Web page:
It happened one day when I was working on my MacBook Pro Retina (MBPR) 13" with my headphones on. I started noticing this buzzing noise in the background. The noise was there even when I decreased the volume. I have had quite a good experience with audio output on other Apple products, so this was a surprise. I didn’t know whether the noise was always there and I had just realized it or it had suddenly appeared out of the blue.
Sometime later, I wanted to show this to my friend, but the noise wasn’t there—like when you take your car to a mechanic, and all of a sudden, it stops acting up! But later, it came back. The noise would come and go, and I couldn’t figure out why. Finally, I realized that the noise was only there when I was at the office. But what’s different about my office? I was baffled.
One day, I sat down at my desk, put my headphones on, and hooked up my second monitor to the Thunderbolt (mini DisplayPort), and lo and behold, the noise appeared! The external monitor was at fault here. The noise would come and go because I didn’t always connect the monitor.
Of course, I had to dig deeper. So I took the setup down to the lab to take some measurements with an audio analyzer. Here are some measurements: This first one (blue) is the frequency spectrum of the MacBook’s output running on batteries, with nothing connected to its ports and no sound playing to measure the noise floor. It’s very impressive—the noise floor is almost the same level as our audio analyzer’s (shown in red).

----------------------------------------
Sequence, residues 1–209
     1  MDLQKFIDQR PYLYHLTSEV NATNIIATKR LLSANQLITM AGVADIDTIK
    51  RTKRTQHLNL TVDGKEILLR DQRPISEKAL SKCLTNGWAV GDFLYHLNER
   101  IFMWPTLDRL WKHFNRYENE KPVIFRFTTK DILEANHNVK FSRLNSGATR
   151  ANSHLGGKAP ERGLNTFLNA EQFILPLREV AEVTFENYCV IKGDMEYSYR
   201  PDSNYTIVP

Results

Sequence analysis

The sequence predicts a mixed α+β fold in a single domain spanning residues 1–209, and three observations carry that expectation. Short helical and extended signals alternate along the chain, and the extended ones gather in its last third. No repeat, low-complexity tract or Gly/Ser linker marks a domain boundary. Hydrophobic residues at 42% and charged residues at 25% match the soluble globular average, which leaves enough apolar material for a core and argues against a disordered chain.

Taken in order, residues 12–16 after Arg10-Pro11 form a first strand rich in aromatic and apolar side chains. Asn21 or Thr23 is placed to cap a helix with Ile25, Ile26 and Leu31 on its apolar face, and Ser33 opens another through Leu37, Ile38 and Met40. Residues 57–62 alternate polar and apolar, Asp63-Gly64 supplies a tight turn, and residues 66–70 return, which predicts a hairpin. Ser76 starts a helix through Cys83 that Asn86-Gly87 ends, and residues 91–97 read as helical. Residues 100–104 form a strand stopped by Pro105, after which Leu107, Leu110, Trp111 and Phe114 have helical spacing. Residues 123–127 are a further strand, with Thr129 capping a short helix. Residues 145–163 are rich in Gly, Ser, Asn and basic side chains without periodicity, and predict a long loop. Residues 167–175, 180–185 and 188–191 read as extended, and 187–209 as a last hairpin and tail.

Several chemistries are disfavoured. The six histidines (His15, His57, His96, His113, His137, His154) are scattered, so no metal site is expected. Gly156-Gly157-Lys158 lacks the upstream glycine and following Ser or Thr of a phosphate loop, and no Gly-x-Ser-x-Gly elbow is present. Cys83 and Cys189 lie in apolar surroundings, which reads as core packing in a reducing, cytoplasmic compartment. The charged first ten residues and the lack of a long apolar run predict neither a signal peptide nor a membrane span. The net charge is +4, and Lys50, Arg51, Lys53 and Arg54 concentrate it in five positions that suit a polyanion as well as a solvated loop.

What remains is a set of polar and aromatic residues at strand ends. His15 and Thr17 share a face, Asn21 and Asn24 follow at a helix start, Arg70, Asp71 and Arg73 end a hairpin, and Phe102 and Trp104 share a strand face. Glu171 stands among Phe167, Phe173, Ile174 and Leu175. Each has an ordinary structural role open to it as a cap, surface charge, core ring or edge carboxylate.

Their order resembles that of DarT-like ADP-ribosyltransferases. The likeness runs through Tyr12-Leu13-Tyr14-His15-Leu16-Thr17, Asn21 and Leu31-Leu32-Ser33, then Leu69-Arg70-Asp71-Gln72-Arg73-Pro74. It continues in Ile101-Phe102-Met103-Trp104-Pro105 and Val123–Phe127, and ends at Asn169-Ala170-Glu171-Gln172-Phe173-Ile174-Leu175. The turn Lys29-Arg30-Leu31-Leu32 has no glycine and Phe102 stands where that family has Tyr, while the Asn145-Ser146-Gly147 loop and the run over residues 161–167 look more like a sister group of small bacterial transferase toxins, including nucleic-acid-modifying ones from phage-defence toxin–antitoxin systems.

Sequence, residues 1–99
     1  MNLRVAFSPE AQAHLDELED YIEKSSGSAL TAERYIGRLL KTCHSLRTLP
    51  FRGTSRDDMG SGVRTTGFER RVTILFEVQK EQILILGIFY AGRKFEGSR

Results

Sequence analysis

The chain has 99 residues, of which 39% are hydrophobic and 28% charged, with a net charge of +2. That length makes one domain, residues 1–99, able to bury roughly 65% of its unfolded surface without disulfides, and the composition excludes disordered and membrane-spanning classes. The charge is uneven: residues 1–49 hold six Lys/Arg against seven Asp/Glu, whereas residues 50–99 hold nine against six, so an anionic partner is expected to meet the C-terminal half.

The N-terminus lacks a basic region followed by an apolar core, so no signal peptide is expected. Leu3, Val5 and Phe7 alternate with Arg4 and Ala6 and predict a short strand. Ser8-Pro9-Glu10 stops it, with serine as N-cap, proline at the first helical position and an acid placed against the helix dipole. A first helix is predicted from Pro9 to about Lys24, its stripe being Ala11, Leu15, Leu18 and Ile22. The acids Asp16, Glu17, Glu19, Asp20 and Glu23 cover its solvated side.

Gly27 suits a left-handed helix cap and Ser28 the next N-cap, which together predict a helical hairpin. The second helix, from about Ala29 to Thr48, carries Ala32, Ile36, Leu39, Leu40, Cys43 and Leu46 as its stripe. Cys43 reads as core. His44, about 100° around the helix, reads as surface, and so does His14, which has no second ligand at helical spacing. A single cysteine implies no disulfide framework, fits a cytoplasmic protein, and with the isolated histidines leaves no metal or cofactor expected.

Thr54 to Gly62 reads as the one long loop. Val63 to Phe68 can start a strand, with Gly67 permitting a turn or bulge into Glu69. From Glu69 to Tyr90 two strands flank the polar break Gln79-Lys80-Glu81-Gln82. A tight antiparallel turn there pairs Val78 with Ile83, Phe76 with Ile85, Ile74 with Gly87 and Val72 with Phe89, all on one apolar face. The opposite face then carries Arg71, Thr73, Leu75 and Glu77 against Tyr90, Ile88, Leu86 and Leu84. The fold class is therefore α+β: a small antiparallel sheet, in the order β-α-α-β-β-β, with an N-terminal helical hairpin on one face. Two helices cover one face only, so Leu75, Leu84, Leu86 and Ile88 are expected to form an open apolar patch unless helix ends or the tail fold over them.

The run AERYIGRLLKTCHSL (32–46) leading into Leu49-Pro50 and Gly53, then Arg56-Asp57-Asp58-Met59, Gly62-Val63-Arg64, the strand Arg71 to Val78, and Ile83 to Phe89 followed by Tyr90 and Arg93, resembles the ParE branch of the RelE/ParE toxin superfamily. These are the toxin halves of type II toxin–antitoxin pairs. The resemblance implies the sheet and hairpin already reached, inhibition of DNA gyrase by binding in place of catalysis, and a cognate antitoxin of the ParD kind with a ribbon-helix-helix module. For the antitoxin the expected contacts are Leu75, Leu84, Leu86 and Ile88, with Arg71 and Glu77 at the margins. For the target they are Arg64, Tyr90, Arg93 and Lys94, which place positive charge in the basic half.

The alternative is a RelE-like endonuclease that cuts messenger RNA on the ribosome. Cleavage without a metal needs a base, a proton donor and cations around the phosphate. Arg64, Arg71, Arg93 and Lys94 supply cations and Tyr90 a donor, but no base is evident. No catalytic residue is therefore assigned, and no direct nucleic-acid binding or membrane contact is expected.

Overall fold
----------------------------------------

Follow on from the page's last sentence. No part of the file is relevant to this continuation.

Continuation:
This one has the same setup as above except that the MacBook is now connected to its power adaptor. You can clearly see a peak at 60Hz and its harmonics at 120Hz, 180Hz, etc. However, the levels are pretty low. They won’t result in an audible hum.
The next plot is like the first setup (running on batteries) but with the external monitor plugged in. And there is our culprit! You can see a significant difference in the noise floor plus a lot of contamination in higher frequencies.
After some playing around, I figured out that this can happen with USB devices as well. It doesn’t happen with all USB devices, but when it happens, it doesn’t matter which USB port on the MacBook the device is connected to. If I get around to it, I’ll dig deeper to find out what is special about the devices that cause the noise and give an update. So there we go—the otherwise good output of a MacBook Pro can be compromised by a USB or Thunderbolt device.
In an upcoming post, I’ll measure the clarity score of the MacBook Pro Retina. If you are not familiar with clarity score, click this link to read all about it.
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